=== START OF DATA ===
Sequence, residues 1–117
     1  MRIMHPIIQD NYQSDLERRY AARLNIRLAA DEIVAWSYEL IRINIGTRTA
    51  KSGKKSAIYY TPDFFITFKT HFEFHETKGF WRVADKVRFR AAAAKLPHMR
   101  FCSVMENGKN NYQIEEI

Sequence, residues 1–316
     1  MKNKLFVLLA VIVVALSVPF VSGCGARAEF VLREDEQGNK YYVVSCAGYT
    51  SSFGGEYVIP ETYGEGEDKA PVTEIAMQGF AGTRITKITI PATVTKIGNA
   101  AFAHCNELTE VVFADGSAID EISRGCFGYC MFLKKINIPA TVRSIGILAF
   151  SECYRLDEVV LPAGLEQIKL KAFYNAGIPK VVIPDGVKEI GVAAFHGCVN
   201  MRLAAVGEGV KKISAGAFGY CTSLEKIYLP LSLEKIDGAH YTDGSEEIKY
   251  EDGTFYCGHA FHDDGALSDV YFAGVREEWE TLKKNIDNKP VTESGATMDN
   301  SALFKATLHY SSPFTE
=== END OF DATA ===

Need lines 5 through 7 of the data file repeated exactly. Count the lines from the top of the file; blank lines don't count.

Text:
Sequence, residues 1–316
     1  MKNKLFVLLA VIVVALSVPF VSGCGARAEF VLREDEQGNK YYVVSCAGYT
    51  SSFGGEYVIP ETYGEGEDKA PVTEIAMQGF AGTRITKITI PATVTKIGNA